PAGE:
Retreat West Community Writer-in-Residence Programme

We are excited to launch the new Writer-in-Residence Programme for the Retreat West Community!

What does the residency entail?

It’s a 6-month programme for writers of fiction who want to develop their teaching skills alongside their writing and be part of a friendly and welcoming online community. It’s open to all writers around the world as long as they are fluent speaking and writing in English. We welcome applications from all regardless of gender, race, class, sexual orientation or religious affiliation.

During the 6-month period you will:

  • Teach two 1-hour Zoom workshops for community members on topics to be agreed with Retreat West founder, Amanda Saint. These will take place at 7pm UK time on a weekday evening so if you are in a different timezone please ensure this is doable for you.
  • Host four 1-hour Zoom feedback sessions for community members to get feedback on their flash fictions. These will take place at 3pm UK time on a weekday afternoon so if you are in a different timezone please ensure this is doable for you.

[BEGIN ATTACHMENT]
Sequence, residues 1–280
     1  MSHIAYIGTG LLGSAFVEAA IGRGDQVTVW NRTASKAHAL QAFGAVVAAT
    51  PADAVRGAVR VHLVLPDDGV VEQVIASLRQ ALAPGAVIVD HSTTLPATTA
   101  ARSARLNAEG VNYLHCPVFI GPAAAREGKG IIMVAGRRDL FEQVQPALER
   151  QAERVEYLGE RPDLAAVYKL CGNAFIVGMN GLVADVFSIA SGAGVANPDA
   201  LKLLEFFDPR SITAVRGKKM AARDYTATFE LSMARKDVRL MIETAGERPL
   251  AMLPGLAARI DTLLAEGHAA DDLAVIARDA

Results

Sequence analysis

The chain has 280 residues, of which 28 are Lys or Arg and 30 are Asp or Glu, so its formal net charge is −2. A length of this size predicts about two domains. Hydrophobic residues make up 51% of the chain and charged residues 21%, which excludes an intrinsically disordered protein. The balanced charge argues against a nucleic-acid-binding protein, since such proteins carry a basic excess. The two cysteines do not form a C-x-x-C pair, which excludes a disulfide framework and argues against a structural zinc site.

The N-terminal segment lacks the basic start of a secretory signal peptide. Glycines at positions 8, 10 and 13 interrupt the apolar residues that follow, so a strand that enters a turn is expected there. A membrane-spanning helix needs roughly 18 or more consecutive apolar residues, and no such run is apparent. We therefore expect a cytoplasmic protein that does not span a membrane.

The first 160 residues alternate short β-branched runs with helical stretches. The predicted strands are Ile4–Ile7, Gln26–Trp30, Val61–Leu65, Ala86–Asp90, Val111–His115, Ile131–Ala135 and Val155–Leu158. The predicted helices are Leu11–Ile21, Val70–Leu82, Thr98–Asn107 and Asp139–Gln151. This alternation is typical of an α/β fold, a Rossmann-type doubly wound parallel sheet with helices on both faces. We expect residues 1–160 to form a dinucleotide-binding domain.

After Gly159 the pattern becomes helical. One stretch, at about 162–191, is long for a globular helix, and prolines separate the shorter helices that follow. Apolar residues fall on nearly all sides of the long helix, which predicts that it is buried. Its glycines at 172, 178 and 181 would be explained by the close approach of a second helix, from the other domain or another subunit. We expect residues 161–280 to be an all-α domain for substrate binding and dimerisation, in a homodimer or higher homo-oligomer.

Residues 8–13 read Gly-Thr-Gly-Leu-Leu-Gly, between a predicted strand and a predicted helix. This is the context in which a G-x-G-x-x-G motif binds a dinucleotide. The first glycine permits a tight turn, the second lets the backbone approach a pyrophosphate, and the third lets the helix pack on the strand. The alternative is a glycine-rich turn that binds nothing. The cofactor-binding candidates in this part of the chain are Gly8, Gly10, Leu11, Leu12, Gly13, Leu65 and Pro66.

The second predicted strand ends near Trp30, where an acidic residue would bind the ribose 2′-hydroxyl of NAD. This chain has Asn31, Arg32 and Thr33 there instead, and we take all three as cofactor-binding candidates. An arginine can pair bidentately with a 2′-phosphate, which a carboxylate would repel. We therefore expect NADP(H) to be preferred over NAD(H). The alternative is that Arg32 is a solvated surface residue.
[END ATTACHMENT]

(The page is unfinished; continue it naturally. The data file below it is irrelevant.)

• Write 3 craft development blog posts for the community site on topics to be agreed.
  • Be an active member of the online community – starting conversations and responding to other members’ posts.

In return you will get a benefits package with a value of approx. £1275

  • A monthly stipend of £50, which will be paid once a month for the 6-month period. You will need to invoice for this. Value: £300 for the 6-month period
  • One year’s Community Collaborator membership to the Retreat West community. Value: £35
  • Tickets to all events we host, including the Flash Fiction Festival and our Saturday workshop series, during the year of membership. If you can’t attend live you can get the recordings for them all. Approx. value of package: £405 (based on us running 3 Zoom workshops a month and 2 Flash Fest a year)